Early warning is a key component in eliciting and informing a timely response to a drought to protect lives and livelihoods before they are threatened. To that end, since 2012, the Feinstein International Center has been working with Concern Worldwide to develop and test a model that uses local and historical rainfall in the Kimiti Department in Chad to predict future crop production, which is linked to food security. Our modelling approach borrows from the field of machine learning using historical remote sensing rainfall data (data obtained from satellites for the local region from 2000–2016). We combine this with crop productivity data provided by the Kimiti Department’s government agriculture services for the planting period (June–September) to predict future millet productivity (kg/ha). We use millet as the indicator crop in the model because it is the main cereal crop in Kimiti.

The model looks at the amount and distribution of rainfall throughout the five main growth phases of millet because the requirements for water, nutrients, and sun vary during each phase. In addition, it uses a moving start date to account for the large variation in sowing time based on the timing of the first rains. Remote sensing data is particularly valuable because it is available in real time and hence can provide an initial prediction of harvest quality a few months in advance of official national predictions. The millet productivity data, in turn, can serve as a proxy of food security because most households depend primarily on rain-fed agriculture and have limited access to agricultural inputs. We argue that in a context where, according to our survey results, 89 per cent of the population are directly or indirectly reliant on agriculture for food or income, and the majority of the population (75 per cent) consume what they grow and have limited alternative employment opportunities, cereal crop production can serve as an appropriate proxy for food availability and potential access.
While we have seen some success with the model, some limitations remain.

  • When developing models, the more data you have the more accurate your model is. Forecasting models therefore require hundreds or thousands of data points. In this case the more years of rainfall and crop production data we have, the more accurate the model can be. Currently we have only 14 years of data. To address this, we used a statistical technique called repeated cross-validation, which allowed us to create “new” data points and increase our total number of observations. As we continue to add data annually, the information should become more accurate and precise.
  • The model does not apply to all households. For example, households who have access to market gardens or cereal plots near the seasonal rivers would be less affected by rainfall deficits. Pastoralists, who mostly rely on markets for cereals, are less impacted by local production shocks, although a production deficit would affect supply and prices.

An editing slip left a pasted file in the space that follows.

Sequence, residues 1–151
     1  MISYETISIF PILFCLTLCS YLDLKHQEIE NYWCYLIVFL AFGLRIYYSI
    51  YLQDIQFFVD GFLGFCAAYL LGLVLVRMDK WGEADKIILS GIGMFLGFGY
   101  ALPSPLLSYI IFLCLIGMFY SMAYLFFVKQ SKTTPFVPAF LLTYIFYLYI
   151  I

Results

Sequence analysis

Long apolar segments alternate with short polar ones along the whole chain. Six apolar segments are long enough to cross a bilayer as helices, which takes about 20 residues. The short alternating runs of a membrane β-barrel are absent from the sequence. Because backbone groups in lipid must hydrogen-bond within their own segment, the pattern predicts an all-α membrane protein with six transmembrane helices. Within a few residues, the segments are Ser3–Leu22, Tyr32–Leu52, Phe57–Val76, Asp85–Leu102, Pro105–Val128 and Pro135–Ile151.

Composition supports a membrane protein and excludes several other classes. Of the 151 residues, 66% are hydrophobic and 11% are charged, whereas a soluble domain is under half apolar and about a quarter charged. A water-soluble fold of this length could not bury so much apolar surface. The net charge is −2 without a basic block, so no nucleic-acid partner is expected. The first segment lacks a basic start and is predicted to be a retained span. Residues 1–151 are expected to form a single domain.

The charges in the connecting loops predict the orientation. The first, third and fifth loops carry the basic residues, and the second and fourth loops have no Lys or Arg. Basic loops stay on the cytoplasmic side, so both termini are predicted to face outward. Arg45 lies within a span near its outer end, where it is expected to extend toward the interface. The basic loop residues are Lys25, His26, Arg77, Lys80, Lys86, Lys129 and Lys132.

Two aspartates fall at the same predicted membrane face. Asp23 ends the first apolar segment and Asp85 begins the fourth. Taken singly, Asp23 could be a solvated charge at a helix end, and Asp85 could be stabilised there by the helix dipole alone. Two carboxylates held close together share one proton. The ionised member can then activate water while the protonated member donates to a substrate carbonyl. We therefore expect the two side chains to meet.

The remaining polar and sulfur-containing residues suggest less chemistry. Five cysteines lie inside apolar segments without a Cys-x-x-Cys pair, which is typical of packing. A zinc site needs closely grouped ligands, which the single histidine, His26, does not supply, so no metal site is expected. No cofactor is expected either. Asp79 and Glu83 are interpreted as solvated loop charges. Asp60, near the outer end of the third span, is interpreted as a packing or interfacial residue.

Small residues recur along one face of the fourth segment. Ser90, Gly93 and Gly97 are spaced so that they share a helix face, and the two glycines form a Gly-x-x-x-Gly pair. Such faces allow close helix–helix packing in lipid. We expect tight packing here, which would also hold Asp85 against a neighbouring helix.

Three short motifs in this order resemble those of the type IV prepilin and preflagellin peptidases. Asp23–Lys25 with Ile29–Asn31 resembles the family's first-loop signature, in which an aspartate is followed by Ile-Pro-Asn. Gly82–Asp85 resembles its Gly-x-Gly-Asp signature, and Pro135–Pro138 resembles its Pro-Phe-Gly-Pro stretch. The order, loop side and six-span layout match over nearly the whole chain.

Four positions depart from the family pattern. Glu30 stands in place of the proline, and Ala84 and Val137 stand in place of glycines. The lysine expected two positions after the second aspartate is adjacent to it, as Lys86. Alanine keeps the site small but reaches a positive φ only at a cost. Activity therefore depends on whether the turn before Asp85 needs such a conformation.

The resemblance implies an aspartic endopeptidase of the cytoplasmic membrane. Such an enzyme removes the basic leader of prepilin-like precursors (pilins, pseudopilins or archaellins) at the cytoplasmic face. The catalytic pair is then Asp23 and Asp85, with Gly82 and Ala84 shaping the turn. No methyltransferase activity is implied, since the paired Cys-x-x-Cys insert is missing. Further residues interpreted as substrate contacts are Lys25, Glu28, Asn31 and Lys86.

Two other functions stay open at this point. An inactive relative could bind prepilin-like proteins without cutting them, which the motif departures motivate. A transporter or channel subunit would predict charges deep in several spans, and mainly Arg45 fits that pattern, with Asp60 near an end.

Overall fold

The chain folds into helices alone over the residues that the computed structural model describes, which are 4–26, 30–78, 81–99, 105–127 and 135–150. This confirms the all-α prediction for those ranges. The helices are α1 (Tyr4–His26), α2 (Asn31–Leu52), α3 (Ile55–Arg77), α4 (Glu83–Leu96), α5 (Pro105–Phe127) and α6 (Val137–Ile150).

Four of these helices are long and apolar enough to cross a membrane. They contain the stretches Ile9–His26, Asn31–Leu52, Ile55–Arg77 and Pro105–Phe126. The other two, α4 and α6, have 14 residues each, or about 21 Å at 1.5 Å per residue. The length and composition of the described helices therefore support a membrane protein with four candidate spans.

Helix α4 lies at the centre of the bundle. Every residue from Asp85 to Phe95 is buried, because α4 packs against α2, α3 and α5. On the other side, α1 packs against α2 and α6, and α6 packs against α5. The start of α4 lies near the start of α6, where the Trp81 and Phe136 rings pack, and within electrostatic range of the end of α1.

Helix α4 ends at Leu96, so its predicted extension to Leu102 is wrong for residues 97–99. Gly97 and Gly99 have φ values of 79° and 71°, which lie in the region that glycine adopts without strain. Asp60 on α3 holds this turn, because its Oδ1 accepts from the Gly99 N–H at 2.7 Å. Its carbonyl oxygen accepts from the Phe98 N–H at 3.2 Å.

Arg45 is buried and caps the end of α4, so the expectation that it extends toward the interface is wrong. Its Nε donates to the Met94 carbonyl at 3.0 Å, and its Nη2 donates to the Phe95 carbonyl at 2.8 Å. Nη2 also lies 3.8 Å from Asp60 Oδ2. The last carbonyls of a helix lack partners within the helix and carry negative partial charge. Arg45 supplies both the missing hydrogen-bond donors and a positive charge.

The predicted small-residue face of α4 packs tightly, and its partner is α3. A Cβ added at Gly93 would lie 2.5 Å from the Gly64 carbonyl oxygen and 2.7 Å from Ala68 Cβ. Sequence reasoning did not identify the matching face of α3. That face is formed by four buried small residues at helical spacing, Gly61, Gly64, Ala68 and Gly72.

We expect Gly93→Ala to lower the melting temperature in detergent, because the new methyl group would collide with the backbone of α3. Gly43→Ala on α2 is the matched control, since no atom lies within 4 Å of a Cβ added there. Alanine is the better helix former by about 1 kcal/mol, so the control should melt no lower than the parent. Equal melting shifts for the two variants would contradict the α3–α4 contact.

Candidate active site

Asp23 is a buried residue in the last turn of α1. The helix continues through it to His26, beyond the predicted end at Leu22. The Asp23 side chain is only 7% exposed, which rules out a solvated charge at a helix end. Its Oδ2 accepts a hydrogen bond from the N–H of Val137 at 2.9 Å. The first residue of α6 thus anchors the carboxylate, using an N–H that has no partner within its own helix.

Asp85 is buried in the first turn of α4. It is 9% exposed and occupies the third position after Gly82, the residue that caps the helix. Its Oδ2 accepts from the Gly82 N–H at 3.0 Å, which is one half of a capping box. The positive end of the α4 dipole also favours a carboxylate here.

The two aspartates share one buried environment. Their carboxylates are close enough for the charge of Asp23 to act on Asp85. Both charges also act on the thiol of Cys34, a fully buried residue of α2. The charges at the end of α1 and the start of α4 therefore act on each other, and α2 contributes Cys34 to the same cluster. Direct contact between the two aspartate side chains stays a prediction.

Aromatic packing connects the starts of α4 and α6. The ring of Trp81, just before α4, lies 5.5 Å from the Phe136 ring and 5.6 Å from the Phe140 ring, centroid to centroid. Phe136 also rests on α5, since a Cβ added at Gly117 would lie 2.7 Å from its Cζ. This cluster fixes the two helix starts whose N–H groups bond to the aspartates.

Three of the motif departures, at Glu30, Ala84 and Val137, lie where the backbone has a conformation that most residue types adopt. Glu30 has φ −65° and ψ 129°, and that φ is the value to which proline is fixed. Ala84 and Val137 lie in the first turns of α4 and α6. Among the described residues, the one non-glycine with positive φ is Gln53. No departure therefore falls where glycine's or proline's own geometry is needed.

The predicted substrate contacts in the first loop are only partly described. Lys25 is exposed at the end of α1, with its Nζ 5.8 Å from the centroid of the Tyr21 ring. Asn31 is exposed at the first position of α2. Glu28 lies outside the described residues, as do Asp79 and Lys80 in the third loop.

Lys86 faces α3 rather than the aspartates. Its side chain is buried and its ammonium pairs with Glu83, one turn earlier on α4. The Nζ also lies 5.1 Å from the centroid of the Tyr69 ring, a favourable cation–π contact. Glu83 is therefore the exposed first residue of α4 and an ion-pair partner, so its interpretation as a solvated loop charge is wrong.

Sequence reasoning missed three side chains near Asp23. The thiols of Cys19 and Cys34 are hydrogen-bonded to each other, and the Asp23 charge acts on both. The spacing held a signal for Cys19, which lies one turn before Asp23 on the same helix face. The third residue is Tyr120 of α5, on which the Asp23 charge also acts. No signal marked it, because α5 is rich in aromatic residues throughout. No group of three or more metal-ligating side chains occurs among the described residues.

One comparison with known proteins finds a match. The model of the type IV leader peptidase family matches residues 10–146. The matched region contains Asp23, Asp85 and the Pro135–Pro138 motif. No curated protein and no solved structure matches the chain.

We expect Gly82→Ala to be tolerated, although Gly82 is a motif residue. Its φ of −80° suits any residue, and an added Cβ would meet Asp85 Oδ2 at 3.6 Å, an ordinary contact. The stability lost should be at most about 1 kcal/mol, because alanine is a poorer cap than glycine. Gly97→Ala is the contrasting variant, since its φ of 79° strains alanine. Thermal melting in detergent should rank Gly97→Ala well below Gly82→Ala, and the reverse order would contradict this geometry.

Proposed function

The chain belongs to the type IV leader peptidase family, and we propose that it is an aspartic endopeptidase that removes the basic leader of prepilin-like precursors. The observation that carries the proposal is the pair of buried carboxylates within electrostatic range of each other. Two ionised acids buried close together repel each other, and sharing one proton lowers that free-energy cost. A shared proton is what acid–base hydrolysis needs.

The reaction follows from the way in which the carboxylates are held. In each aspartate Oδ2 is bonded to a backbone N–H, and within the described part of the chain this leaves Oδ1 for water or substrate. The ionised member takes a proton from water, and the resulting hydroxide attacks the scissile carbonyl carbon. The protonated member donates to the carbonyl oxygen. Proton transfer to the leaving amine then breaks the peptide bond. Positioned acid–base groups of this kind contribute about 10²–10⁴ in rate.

While we are improving technical aspects of the model, it has to be borne in mind that the political and economic context in which the model operates plays an important role in the interpretation of and responsiveness to the prediction. The model must be useful to a wide range of potential users, including local communities and decision-makers at the departmental, regional, and national level, in order to elicit an appropriate response to a potential emergency.

The model was registered as an official source to inform the ‘Cadre Harmonisé’ (CH), a regional framework aimed to prevent food crisis by quickly identifying affected populations and proffering appropriate measures to improve their food and nutrition security. The CH uses food and nutrition security outcome indicators, corroborated by relevant contributing factors, to establish where the food and nutrition insecure areas are within the Sahel and West African Countries.


The BRACED programme, funded by the Department for International Development (DFID) of the UK government, aims to build the resilience of more than five million vulnerable people against climate extremes and disasters. The programme comprises 108 organisations forming 15 consortia that implement 15 projects across 13 countries in the Sahel, East Africa and Asia. Amongst the BRACED consortia, the BRICS (Building Resilience in Chad and Sudan) programme is led by Concern in partnership with ICRAF (World Agroforestry Center) in Chad, the Feinstein International Center of Tufts University in both Chad and Sudan and the Almassar Charity Organisation as a sub-partner in Sudan.

Cecilia Benda has been Agriculture and Natural Resource Management Advisor with Concern Worldwide since June 2016 and supports Concern countries in the Sahel and Horn of Africa regions.

Anastasia Marshak is a researcher at Feinstein International Center, Tufts University, USA.


References and further reading
Concern 2017, Community Resilience: A Concern Guidance Note
ODI 2016, Tracking the 3As across BRACED
Concern 2016, Concern’s Approach to DRR